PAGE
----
Gum disease linked with memory decline
LONDON: A team of British researchers has found a link between gum disease and greater rates of cognitive decline in people with early stages of Alzheimer’s disease.
According to researchers, periodontitis or gum disease is associated with increased dementia severity and subsequent greater progression of cognitive decline in people with Alzheimer’s disease.
“However, if there is a direct relationship between periodontitis and cognitive decline, as this current study suggests, then treatment of gum disease might be a possible treatment option for Alzheimer’s,” added senior author Clive Holmes from the University of Southampton in Britain. In the observational study, published in the journal PLOS ONE, 59 participants with mild to moderate Alzheimer’s disease were cognitively assessed and a blood sample was taken to measure inflammatory markers in their blood.
A dental hygienist who was blind to cognitive outcomes assessed participants’ dental health. The majority of participants (52) were followed-up at six months when all assessments were repeated. The presence of gum disease at baseline was linked to six-fold increase in the rate of cognitive decline in participants over the six-month follow-up period of the study. Periodontitis at baseline was also associated with a relative increase in the pro-inflammatory state over the six-month follow-up period.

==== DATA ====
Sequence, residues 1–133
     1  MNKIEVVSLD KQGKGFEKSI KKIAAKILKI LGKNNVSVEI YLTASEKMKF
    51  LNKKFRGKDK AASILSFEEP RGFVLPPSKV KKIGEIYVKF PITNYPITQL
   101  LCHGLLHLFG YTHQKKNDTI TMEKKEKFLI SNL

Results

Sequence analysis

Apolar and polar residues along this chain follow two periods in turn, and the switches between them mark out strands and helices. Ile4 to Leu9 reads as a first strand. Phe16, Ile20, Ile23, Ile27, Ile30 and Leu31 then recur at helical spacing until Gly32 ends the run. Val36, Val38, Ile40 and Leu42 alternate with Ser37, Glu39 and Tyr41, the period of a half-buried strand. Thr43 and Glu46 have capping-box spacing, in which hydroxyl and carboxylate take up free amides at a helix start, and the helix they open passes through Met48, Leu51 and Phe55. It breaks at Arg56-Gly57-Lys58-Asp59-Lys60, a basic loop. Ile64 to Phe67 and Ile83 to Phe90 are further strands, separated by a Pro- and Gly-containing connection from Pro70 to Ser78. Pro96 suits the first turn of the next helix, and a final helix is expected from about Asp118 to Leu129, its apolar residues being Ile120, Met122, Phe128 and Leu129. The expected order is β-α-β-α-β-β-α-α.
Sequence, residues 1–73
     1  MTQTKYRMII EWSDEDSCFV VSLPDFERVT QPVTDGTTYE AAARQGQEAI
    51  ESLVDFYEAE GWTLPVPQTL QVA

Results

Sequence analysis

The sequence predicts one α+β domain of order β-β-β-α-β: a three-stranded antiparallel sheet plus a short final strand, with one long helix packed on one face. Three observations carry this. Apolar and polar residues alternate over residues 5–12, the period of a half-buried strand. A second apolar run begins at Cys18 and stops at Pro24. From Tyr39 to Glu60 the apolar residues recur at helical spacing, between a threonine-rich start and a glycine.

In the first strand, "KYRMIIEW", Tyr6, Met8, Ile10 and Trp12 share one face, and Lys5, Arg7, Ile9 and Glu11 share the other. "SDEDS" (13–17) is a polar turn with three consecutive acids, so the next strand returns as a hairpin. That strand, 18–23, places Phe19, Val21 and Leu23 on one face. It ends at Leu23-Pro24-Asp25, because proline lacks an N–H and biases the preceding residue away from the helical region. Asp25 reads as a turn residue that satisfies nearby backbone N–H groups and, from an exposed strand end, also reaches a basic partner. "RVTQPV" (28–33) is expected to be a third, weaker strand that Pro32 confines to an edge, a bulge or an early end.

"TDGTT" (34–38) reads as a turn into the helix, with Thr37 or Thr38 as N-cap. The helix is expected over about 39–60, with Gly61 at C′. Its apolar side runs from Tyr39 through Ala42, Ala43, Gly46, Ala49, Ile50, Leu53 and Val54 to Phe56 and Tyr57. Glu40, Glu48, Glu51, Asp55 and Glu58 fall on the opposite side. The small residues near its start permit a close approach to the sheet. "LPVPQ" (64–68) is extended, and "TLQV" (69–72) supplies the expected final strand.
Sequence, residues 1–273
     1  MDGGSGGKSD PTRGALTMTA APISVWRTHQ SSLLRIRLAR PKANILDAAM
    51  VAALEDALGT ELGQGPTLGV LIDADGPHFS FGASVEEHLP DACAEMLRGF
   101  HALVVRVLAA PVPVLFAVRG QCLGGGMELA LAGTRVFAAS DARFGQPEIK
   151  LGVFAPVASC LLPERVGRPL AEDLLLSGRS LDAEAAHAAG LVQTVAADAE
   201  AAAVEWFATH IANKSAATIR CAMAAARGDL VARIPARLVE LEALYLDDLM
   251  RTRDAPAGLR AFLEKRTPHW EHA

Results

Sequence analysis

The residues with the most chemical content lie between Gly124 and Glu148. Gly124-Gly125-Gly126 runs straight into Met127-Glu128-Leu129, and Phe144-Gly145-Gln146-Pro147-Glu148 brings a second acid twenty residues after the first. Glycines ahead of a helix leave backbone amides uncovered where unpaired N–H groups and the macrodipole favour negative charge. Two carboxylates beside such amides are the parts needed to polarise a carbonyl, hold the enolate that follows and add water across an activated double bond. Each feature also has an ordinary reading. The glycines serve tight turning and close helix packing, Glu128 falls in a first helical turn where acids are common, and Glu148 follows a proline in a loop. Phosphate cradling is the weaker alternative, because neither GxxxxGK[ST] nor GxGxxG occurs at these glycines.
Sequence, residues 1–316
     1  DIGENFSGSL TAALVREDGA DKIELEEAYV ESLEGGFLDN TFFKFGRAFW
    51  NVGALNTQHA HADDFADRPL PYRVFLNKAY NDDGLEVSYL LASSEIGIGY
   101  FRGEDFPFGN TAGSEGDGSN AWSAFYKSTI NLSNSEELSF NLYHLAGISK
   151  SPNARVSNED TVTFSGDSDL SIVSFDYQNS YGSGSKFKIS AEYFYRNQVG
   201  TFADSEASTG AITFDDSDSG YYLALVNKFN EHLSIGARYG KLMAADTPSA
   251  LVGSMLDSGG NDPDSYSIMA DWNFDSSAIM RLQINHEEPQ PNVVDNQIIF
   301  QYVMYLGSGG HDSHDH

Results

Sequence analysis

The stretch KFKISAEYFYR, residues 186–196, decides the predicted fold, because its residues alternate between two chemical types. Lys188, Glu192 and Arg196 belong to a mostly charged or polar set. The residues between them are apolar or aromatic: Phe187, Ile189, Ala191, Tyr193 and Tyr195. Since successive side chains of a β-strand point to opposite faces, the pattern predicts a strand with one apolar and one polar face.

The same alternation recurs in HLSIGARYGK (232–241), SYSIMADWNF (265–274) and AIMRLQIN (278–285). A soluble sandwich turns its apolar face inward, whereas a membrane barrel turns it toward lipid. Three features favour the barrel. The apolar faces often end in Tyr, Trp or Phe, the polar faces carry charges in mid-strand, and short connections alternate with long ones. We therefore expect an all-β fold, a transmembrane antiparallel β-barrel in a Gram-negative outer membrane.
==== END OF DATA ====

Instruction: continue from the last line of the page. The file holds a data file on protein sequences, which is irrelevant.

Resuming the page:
The authors conclude that gum disease is associated with an increase in cognitive decline in Alzheimer’s disease, possibly via mechanisms linked to the body’s inflammatory response. However, growing evidence from a number of studies links the body’s inflammatory response to increased rates of cognitive decline, suggesting that it would be worth exploring whether the treatment of gum disease might also benefit the treatment of dementia and Alzheimer’s disease. We also believe, based on various research findings that the presence of teeth with active gum disease results in higher body-wide levels of the sorts of inflammatory molecules which have also been associated with an elevated risk of other outcomes such as cognitive decline or cardiovascular disease, the researchers stated. Research has suggested that effective gum treatment can reduce the levels of these molecules closer to that seen in a healthy state.